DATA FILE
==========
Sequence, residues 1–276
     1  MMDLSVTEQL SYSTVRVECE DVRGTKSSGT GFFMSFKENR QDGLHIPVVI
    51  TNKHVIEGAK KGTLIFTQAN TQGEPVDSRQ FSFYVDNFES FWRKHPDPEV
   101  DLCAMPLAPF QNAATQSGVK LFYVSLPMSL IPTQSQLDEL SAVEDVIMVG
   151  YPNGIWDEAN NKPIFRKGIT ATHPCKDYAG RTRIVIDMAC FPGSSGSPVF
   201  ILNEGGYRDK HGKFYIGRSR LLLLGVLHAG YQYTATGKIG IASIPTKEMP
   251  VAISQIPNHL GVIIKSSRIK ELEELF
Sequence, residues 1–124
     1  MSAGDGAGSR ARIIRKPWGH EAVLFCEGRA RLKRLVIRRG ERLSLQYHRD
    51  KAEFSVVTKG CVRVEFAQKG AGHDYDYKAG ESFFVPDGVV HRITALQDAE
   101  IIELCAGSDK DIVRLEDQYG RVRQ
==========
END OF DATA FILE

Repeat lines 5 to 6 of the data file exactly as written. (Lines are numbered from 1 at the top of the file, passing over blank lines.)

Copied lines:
   151  YPNGIWDEAN NKPIFRKGIT ATHPCKDYAG RTRIVIDMAC FPGSSGSPVF
   201  ILNEGGYRDK HGKFYIGRSR LLLLGVLHAG YQYTATGKIG IASIPTKEMP